Health and Wellness

Understanding New Outdoor Participants

With many consumers shut out from their favorite indoor activities over the past year, the outdoor industry saw a huge boost in participation. From walking and jogging to bicycling and kayaking, consumers turned to the outdoors for some exercise, a change of scenery, and a mental health boost. And, much to the delight of the outdoor industry, many of these consumers were trying activities after a long lapse or for the very first time.

Below, we take a look at research on new outdoor participants to understand who they are, how they’ve been spending their time, and what to expect from them going forward.


Evolving Participant Demographics

Not only has the outdoor industry brought new participants into the fold, but the new participants are from a wider array of backgrounds than the typical outdoor consumer. According to research from the Outdoor Industry Association, new participants were more likely to be female, more likely to live in urban areas, younger, and slightly more diverse from ethnic and economic perspectives.


  New Participants Existing Participants
% Female 58% 49%
Average Age 45 years old 54 years old
% Urban Areas 36% 29%


To retain these new participants and continue to bring people from different backgrounds into the fold, brands need to create opportunities for those without access or previous experience.


Top New Outdoor Activities

It should come as no surprise that walking (58%) was the most commonly reported activity for new outdoor participants, followed by running/jogging (28%) and bicycling (26%). Each of these activities have low barriers to entry compared to more niche activities such as camping (10%), climbing (7%), and surfing (5%)—where equipment, technical know-how, and access present challenges to newcomers.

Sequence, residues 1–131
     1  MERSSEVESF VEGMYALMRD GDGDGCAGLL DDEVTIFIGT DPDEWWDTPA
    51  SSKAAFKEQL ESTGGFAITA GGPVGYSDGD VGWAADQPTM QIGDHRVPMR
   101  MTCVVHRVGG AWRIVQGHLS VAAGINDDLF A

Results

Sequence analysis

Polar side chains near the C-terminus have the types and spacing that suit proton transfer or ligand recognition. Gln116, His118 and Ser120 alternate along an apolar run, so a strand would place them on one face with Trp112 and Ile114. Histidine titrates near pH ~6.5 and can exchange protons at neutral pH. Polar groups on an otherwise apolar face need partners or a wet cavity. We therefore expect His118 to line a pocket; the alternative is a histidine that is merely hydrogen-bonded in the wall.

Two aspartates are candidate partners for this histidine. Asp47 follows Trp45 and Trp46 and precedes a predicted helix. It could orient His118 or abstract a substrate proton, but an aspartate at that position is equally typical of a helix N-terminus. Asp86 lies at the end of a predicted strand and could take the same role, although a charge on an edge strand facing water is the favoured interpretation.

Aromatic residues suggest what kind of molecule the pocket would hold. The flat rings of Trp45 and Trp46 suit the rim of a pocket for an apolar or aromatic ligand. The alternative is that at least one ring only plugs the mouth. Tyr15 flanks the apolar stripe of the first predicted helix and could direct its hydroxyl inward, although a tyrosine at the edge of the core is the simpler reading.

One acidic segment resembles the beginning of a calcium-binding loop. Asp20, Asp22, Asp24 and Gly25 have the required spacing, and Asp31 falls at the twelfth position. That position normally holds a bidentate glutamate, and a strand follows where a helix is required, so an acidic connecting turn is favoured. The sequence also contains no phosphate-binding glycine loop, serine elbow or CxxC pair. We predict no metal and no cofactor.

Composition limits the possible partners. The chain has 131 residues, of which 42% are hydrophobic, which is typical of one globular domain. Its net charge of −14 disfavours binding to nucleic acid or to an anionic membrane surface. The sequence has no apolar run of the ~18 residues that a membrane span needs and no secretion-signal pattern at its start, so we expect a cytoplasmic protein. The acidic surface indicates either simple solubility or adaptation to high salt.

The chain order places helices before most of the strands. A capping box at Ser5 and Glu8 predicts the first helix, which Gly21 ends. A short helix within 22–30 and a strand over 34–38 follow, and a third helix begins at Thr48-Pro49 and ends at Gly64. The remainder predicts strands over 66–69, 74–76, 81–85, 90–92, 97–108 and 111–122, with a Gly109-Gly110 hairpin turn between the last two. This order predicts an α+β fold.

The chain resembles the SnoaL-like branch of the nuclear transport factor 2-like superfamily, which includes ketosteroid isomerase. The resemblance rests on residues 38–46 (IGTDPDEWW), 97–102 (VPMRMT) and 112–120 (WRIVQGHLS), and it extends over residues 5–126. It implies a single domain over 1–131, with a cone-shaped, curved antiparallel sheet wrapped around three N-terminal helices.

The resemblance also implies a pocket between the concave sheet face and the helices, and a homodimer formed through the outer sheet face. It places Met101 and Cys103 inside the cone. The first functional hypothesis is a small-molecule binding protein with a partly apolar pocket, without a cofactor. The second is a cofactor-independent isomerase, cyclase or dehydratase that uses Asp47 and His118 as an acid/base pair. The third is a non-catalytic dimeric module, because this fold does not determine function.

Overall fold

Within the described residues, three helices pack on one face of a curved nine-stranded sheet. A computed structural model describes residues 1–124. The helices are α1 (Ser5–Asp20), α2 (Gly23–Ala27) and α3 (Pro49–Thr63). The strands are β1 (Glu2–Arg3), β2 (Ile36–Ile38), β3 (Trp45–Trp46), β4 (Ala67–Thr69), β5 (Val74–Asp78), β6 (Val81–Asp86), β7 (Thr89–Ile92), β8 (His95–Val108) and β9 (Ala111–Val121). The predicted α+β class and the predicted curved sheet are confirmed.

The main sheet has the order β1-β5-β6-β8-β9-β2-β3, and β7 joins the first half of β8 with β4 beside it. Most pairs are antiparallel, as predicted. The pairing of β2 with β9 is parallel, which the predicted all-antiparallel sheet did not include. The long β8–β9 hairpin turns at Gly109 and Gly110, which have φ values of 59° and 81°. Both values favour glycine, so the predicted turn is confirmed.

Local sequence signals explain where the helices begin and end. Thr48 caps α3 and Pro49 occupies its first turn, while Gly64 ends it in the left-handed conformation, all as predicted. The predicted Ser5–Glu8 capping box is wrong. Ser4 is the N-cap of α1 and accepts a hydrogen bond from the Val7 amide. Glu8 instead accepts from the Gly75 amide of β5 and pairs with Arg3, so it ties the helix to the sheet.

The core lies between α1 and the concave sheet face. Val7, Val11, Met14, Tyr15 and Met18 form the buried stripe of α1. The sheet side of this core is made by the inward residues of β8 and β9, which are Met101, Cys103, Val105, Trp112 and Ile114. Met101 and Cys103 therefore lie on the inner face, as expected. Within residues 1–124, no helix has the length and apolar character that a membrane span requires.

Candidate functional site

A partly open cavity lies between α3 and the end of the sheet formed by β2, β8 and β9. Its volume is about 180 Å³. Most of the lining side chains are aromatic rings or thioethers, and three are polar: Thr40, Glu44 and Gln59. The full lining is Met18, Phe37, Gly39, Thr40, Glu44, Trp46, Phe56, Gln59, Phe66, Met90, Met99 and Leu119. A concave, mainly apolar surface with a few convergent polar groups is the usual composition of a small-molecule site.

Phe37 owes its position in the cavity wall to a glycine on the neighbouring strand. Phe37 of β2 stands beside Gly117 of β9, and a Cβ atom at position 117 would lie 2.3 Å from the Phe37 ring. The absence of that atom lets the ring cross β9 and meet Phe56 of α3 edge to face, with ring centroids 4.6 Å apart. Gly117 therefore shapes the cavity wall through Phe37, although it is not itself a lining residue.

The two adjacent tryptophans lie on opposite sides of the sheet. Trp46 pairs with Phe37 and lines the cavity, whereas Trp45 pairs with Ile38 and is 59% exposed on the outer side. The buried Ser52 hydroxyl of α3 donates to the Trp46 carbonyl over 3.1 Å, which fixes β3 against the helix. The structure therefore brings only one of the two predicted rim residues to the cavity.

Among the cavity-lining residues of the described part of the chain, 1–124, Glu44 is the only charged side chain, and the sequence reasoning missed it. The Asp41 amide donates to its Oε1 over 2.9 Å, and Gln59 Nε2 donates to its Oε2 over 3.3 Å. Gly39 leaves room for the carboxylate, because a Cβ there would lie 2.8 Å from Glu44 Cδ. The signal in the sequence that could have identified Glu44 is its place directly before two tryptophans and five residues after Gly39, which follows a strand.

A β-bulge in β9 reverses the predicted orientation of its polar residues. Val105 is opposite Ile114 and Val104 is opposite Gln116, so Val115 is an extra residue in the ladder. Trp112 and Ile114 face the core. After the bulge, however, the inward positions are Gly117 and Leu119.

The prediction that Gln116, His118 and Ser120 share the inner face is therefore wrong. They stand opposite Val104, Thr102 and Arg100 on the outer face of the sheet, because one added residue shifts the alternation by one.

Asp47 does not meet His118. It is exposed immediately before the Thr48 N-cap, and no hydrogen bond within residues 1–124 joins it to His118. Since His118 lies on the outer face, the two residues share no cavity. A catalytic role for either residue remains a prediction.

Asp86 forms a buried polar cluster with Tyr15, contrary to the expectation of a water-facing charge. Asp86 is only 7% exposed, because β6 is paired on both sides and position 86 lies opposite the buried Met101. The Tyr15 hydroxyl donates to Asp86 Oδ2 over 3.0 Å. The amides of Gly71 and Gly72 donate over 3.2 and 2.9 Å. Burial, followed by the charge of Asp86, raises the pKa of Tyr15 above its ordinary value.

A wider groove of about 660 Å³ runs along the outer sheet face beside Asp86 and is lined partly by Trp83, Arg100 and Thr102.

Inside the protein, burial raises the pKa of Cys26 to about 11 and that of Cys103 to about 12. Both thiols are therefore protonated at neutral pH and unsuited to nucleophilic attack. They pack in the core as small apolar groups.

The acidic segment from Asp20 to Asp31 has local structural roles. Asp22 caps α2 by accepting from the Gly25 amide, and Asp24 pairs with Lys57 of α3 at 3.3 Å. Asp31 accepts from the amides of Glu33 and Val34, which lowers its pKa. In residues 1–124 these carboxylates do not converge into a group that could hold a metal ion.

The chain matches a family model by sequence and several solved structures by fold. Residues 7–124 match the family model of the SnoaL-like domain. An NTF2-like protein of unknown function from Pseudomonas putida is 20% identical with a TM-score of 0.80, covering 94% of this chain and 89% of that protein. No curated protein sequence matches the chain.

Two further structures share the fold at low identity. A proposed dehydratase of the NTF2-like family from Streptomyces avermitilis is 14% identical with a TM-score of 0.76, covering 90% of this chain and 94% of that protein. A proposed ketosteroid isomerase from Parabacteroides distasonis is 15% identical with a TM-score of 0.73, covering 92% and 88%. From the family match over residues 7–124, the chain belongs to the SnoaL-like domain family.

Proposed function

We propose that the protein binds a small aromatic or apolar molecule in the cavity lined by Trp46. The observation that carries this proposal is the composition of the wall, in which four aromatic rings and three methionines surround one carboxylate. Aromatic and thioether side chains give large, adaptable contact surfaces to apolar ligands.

How did consumers learn about their new activities during the pandemic? Friends and family members were relied upon the most (30%), while social media (22%) and online searches (19%) came next. Although retailer/brand websites (7%) were used markedly less, this is an opportunity for brands to provide more information on outdoor activities—especially those that present a steeper learning curve to novices. By helping people understand where to go and how they can get involved, you’re more likely to keep participants engaged, bring new ones into the fold, and build a lasting relationship with your brand.


Future Outlook

The fact of the matter is that not all new participants will continue with their outdoor activities. According to OIA’s research, this is true for about a quarter of new participants due to factors such as travel, family demands, and other activities resuming. Which activities are they itching to get back to?


Which activities will they resume?
75% Hanging out with family or friends
57% Going to restaurants/bars

Going to gym/fitness club

51%  In-person fitness classes


It should come as no surprise that hanging out with family and friends is the top priority for consumers; after a long year marked by isolation, people are looking to reconnect with loved ones. For brands in the outdoor industry, this shouldn’t be seen as a negative, as hanging out and spending time outdoors are not mutually exclusive. To keep new participants engaged, though, brands should consider how they can facilitate outdoor experiences that are more social in nature. Similarly, exercise doesn’t have to take place in a gym or fitness studio.

If your brand is looking to connect with outdoor enthusiasts—new or experienceed—in the coming year, contact us today to learn how we can craft integrated brand experiences that drive awareness, trial, and earn lifelong loyalty.




Source: “The New Outdoor Participant (COVID and Beyond).” Outdoor Industry Association, Naxion Research & Consulting (2021).

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